Illinois volleyball freshman, from left, Kyla Swanson, Kennedy Collins and Rylee Hinton at the volleyball media day at Huff Hall on UI campus in Champaign on Friday August 23, 2019.

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CHAMPAIGN — Illinois volleyball opens its season in six days at Tennessee. The trip to Knoxville, Tenn., could be the Illini debut for potentially as many as 10 players. That’s how many newcomers, including redshirt freshman setter Diana Brown, Illinois coach Chris Tamas is working with this fall.

One of those newcomers is guaranteed a start against the Volunteers. Senior Ashlyn Fleming is the only middle blocker back from last year’s Final Four run. The other options? True freshmen Rylee Hinton, Kyla Swanson and Kennedy Collins.

“It’s really close,” Hinton said. “I honestly don’t know what’s going to happen, but I’m sure Chris will put the best player on the court, and I trust whatever decision that he makes. Regardless if I’m on the court or not, I’m going to be cheering for my teammates.”

Hinton has the most experience of that trio. The 6-foot-2 Champaign Central graduate enrolled early at Illinois and went through spring practices before playing on the Big Ten Foreign Tour team in Japan this summer.

Still, the competition this month in the practice gym with Swanson and Collins has pushed Hinton — particularly when it comes the mental side of the game.

“Competing against people every single day when it’s so close and wanting the spot so bad really challenges you mentally,” Hinton said. “They’ve made me mentally tougher and able to compete every single day. ... I’ve finally learned how to accept being challenged. I wanted to come to the Big Ten and be challenged, so I’m happy that I have teammates who challenge me every single day.”

Six days out from the season opener at Tennessee, the Illinois coaching staff isn’t providing any clarity on which of the three freshmen might start.

The two early matches against the Volunteers — they head to Huff Hall for an immediate Sept. 1 rematch — might provide the clearest sign.

“You don’t know until you know,” said assistant coach Rashinda Reed, who works with the middle blockers. “We’re going to try all these different lineups. As a staff, collectively, we talk about, ‘This might be the best lineup,’ but you won’t know until you actually put them in front of competition.

“What you see in a practice gym versus what you see when you’re on a big stage in front of a lot of people with different competitors you don’t know in front of you, you’re going to respond differently. We won’t know until we know.”

What Reed has seen from her three freshmen middles this month in practice is a willingness to compete as they simultaneously adjust to Big Ten volleyball.

“They all battle and all want to play,” she said. “It’s nice to see that fire and that fight within such young people. They’re absolute competitors.”

That collective competition elevates all of their games individually. Swanson considers that competition a good thing.

“I’d say it’s still up for grabs at this point,” the 6-4 Wahoo, Neb., native said. “We’re all just trying to do our best in the gym every day. We do 1-on-1 drills and really just challenge ourselves in our shots and our blocking moves. We build each other up.”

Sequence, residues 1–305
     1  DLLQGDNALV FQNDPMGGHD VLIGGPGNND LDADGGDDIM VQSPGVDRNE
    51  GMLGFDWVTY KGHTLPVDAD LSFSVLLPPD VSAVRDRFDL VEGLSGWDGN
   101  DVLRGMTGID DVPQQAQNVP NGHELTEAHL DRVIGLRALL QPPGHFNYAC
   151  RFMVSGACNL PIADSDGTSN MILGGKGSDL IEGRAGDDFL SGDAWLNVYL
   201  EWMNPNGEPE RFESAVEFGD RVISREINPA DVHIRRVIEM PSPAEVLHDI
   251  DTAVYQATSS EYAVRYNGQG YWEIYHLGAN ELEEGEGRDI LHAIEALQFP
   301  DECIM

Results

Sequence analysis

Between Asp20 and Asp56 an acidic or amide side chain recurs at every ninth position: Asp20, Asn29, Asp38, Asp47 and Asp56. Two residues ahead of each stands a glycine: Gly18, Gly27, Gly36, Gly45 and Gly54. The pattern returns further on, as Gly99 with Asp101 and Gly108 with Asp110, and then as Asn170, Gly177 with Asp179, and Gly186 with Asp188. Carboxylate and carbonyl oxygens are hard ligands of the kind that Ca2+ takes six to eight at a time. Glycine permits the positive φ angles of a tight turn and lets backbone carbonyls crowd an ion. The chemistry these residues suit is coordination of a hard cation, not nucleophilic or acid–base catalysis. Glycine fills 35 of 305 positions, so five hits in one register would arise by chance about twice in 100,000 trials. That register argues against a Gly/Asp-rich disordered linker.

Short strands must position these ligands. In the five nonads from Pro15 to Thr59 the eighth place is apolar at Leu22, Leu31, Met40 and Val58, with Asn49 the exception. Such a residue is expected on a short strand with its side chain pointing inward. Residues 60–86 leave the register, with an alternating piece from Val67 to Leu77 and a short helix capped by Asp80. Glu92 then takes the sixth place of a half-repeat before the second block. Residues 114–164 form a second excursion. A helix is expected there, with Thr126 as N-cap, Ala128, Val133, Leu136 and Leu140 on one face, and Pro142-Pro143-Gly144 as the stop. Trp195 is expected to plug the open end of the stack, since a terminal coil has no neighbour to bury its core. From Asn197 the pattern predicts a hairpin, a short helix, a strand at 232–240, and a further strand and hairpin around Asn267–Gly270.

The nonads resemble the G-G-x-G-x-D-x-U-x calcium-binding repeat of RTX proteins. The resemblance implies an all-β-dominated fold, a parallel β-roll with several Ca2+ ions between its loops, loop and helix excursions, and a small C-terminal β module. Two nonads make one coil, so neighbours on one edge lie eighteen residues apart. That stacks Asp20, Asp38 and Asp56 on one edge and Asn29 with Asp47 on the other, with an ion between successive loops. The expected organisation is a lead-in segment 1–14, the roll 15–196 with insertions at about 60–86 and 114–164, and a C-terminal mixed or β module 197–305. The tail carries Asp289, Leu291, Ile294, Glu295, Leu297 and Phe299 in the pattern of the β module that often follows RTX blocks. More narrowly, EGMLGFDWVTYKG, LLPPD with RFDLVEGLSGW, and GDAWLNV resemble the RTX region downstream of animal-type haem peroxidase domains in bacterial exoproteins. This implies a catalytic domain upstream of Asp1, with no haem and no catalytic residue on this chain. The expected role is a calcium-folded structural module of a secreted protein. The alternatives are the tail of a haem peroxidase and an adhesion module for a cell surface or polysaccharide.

The first almost two weeks of practice have been a learning experience for Swanson and Collins. Where they are now in terms of developing their game is where Hinton started this past spring when she began her Illini career.

“Oh my gosh, I’ve made huge strides,” Hinton said. “I think back now and I’m like, ‘How did I play volleyball the way that I used to?’”

Beyond adapting to the speed of the college game — particularly the uptempo style Illinois coach Chris Tamas prefers — the biggest adjustment for Swanson and Collins has been in technique. They’re learning plenty of new ones from Reed and volunteer assistant coach Jen Tamas.

“They have so much knowledge that I’d never even heard of before I got here,” Collins said. “It’s been great taking it all in and learning different things to become a better middle blocker. Probably my arm swing techniques and my blocking techniques because I came in doing it all wrong. Them switching that up right away was a big help.”

“It’s been really great to have four sets of eyes on us at that position — Jen more focusing on the offensive part and then Rashinda on the defensive part,” Swanson added. “They have so much knowledge, and we’ve just really been trying to soak in the information they’re giving us. ... There’s so many minute details that I have to focus on and re-teach myself, even the fundamentals of some things I thought I knew well.”

Depth at several positions has added a different level of competition to the Illinois practice gym heading into this season.

It’s readily apparent at middle blocker where the three freshmen are pushing each other and even Fleming and Reed said they have been impressed by how much growth the younger middles have made in the short time the coaches have had them in the gym.

“They’re going to shock some people,” Reed said. “If you’re all competing for a position, you’re going to bring out your best. Automatically within that mindset you’re going to raise the level. You want the coaches to notice you. You want to be seen. You’re trying to prove yourself, and you’re showing each other what you can do.”

College/Prep Sports Reporter

Scott Richey is a reporter covering college basketball at The News-Gazette. His email is srichey@news-gazette.com, and you can follow him on Twitter (@srrichey).